The boycott of Qatar is hurting its enforcers badly, says The Economist

The boycott of Qatar is hurting its enforcers badly, says The Economist

QLBusiness
By QLBusiness

Ever since June 5, four Arab nations including Bahrain, Egypt, Saudi Arabia and the UAE have been subjecting Qatar to an illegal blockade.

However, the nation and its leaders have shown great resilience, refusing to bow to the neighbours’ bullying tactics.

While Qatar has felt the effects of the blockade to some extent, it is understood that the boycotting countries too are feeling the heat, according to international business magazine The Economist.

The magazine noted that Dubai, considered a service hub of the entire region, has been particularly hard hit. Qatari firms that do business in the UAE all use local partners and many of these locals are feeling the pain, reported Qatar Tribune

According to The Economist, a public-relations executive said her firm was discussing layoffs after losing a Qatari contract. Estate agents have said that the crisis was also likely to hit Dubai’s property market. Last year alone, Qataris had bought properties worth about $500 million.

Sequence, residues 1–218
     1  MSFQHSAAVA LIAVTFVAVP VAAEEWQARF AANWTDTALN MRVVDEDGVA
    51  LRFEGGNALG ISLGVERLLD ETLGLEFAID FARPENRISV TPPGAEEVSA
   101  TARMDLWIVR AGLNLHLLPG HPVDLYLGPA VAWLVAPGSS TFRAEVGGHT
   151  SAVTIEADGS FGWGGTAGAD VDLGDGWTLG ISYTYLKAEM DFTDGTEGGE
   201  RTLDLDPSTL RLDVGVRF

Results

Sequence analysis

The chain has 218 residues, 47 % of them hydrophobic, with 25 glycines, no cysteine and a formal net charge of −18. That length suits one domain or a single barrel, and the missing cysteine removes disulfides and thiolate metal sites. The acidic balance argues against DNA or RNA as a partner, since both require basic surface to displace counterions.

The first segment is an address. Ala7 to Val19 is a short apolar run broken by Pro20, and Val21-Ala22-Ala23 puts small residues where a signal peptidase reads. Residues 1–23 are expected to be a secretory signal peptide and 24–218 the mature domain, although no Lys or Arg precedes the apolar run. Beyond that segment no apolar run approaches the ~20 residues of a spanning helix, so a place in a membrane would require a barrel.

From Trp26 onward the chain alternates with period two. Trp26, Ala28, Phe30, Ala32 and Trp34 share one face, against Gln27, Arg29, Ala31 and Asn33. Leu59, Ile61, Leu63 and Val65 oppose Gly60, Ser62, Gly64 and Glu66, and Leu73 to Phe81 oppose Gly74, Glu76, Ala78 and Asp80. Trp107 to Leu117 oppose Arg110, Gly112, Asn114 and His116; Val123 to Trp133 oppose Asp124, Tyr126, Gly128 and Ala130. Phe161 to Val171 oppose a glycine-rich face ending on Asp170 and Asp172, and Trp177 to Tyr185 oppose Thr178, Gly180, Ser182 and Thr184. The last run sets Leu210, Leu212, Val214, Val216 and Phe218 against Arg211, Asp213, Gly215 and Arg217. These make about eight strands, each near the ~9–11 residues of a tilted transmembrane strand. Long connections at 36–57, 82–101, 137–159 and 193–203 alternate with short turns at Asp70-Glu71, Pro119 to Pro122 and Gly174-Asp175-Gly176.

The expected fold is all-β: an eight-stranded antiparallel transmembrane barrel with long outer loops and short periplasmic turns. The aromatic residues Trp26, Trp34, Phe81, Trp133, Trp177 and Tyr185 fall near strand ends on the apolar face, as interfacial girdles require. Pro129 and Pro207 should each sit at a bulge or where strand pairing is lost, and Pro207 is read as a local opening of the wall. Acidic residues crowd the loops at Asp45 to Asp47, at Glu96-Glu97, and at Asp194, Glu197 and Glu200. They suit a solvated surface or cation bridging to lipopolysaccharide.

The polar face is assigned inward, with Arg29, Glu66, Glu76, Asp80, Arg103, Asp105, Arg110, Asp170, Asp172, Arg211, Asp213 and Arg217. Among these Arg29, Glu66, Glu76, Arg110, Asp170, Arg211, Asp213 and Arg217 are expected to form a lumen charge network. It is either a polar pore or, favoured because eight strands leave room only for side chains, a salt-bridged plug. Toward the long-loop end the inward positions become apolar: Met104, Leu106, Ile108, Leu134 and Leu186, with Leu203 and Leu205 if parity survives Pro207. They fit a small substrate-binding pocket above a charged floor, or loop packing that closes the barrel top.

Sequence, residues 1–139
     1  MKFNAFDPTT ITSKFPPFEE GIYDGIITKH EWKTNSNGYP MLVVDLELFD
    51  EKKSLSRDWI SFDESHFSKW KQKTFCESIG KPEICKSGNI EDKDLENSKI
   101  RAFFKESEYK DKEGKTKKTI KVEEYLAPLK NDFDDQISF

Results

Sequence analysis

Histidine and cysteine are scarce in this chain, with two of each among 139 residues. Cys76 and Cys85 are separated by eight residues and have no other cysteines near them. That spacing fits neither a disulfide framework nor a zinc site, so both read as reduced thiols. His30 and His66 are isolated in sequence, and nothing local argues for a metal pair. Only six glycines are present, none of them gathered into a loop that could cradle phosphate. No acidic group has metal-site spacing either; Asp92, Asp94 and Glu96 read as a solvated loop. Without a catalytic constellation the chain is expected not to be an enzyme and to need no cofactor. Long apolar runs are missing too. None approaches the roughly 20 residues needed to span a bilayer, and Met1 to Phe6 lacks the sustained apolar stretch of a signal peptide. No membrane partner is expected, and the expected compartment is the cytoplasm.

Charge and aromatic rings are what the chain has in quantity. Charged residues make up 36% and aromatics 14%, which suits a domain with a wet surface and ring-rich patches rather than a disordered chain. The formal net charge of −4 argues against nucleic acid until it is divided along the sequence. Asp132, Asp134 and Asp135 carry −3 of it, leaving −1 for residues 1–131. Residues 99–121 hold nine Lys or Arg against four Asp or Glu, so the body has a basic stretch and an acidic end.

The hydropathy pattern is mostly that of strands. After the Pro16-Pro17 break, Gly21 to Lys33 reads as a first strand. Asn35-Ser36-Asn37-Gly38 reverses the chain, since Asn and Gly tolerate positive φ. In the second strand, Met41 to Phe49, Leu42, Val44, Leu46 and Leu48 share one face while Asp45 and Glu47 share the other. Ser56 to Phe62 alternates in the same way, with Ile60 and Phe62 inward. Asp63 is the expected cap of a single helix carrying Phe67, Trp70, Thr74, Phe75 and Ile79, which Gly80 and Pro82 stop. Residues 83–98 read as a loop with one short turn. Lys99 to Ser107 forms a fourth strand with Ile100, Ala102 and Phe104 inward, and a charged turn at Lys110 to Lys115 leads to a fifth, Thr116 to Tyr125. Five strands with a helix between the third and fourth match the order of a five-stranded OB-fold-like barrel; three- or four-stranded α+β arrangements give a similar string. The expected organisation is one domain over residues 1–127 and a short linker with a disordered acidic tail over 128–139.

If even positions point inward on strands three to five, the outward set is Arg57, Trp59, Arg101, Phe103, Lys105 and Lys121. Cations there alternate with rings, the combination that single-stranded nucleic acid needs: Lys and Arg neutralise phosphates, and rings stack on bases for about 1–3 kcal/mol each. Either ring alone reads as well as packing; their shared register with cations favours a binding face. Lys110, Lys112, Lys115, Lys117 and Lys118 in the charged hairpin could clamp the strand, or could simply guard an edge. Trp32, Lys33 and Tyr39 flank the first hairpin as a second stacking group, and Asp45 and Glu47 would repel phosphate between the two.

Shipping is another area where Dubai has been feeling the pain. Jebel Ali, the port which lies to the south of Dubai, is the busiest in the region and handles more than a third of cargoes in the Gulf.

Before the boycott, around 85% of shipborne cargo to Qatar came through Jebel Ali Port. In September, Qatar opened the new $7.4bn Hamad Port and it allows shippers to bypass the UAE altogether.

The blockade is expected to accelerate the shift away from Jebel Ali Port. Qatar Navigation, a shipping conglomerate, is moving its regional hub from UAE to Oman, which has not joined the boycott.

The blockade is also weakening the six-country Gulf Co-operation Council (GCC), of which Qatar, Saudi Arabia and the UAE are members, the report said.

By PunchLiner• 22 Oct 2017 09:51
PunchLiner

It is also hurting Qatar big time. I hope this ends soon.

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